Carillion and Balfour Beatty in preliminary merger talks

Move would create £3bn contractor to compete with international giants.

Announcement by Carillion and Balfour Beatty last week that they were in exploratory merger talks was welcomed by the city, with shares in the contractors rising 10% and and 8.6% respectively just after the move was announced.

Rumours of a big contractor merger had been swirling around the industry for a couple of weeks even though reports are that this is not the one that was anticipated. 

However news reports flushed out a joint statement from the Carillion and Balfour Beatty boards after the stock market closed last night.

"Merger could be seen as a defensive strategy by the two of Britain’s major contractors to protect their market and prevent themselves being marginalised in their own territory by international giants."

The statement confirmed that Carillion had approached Balfour Beatty with a merger offer to create a £3bn plus business combining the strengths of two leading UK companies. The approach came shortly after Balfour Beatty announced a £30M profit warning and chief executive Andrew McNaughton left the business in May. A subsequent £35M profit hole has added to the contractor’s problems though year end figures will still be in line with expectations the company has said.

According to the statement the boards of both firms “believe that a merger of the two groups has the potential to create a market leading services, investments and construction business of considerable depth and scale”. Balfour Beatty’s sale of Parsons Brinckerhoff which is already underway will continue.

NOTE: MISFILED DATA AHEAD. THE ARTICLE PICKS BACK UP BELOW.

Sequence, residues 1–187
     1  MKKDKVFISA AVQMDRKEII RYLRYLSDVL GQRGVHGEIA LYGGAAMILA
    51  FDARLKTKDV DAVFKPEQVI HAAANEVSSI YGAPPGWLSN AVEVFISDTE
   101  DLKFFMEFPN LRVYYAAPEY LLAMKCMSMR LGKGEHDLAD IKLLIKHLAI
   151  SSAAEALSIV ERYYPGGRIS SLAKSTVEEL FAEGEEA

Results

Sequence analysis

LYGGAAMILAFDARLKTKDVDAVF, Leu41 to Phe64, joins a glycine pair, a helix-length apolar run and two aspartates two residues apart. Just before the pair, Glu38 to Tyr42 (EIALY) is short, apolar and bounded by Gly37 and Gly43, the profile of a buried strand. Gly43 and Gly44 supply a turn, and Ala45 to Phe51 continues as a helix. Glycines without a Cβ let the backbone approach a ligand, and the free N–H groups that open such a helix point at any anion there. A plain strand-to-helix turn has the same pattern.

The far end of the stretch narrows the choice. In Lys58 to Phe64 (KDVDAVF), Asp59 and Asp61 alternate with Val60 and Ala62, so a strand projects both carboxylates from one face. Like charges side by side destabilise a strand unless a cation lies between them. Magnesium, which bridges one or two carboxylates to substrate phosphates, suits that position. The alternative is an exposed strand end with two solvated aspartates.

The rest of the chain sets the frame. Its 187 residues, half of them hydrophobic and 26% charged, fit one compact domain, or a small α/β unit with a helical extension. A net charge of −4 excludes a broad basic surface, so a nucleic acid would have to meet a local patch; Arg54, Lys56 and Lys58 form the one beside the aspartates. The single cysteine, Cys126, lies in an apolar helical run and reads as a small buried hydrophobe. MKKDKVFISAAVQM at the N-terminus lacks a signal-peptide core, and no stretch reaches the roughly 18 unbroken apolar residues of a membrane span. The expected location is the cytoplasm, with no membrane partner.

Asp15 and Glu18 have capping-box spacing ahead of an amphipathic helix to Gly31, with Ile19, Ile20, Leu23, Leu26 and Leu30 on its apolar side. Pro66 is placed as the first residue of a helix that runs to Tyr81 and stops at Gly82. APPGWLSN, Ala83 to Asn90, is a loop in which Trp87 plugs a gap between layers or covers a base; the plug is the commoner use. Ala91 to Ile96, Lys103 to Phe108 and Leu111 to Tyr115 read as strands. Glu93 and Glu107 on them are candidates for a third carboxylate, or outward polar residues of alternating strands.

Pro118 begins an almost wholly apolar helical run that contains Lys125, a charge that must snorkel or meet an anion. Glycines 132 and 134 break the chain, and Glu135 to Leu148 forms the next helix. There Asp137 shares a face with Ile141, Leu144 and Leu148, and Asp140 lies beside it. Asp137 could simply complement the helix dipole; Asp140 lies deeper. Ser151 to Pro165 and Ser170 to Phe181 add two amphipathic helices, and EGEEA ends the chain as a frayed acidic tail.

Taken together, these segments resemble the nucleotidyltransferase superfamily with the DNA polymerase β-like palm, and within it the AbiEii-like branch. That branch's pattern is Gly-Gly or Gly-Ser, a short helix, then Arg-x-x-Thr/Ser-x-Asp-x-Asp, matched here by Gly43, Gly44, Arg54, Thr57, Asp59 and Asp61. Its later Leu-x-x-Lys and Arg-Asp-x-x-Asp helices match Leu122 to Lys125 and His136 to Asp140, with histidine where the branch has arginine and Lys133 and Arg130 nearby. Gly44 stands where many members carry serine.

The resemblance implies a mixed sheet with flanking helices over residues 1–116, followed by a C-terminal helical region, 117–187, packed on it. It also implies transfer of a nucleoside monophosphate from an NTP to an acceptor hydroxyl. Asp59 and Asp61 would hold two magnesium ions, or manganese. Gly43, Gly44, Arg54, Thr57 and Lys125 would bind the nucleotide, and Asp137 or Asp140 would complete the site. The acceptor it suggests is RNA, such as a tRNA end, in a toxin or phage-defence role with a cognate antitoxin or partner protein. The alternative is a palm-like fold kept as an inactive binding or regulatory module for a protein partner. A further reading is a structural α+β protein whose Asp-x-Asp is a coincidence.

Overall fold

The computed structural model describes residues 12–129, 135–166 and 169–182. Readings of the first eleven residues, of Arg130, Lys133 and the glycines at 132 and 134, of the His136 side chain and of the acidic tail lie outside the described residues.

The merger will only go ahead if due diligence is concluded to both parties satisfaction and could be recommended to shareholders. A firm decision to merge or not has to be announced by 21 August.

Like AECOM/URS this merger move is being made by the smaller of the two parties. Carillion’s turnover is around the £4bn while Balfour Beatty’s is £10.1bn. But market capitalisations are closer with Carillion’s being £1.4bn compared to Balfour Beatty’s £1.6bn.

Both firms are aware that though they are among the giants of UK contracting, on an international scale they are outside the top 10 worldwide. As investment in infrastructure round the world ramps up, size, balance sheet and critical mass matter if contractors want to win the big jobs.  European rivals such as Vinci and Ferrovial are reporting revenues of £30bn and £6.8bn.

The £383bn National Infrastructure Plan and general focus on infrastructure investment in the UK is a huge magnet to overseas competitors.  Spending on transport infrastructure alone is growing at 14% per annum.

Merger could be seen as a defensive strategy by two of Britain’s major contractors to protect their market and prevent themselves being marginalised in their own territory by international giants.

It could also be a protection against hostile takeover; Chinese firms in particular are known to be eyeing the UK and looking to buy their way in. And the revelation that merger talks are underway might prompt rival bids for Balfour Beatty in the coming days or weeks. 

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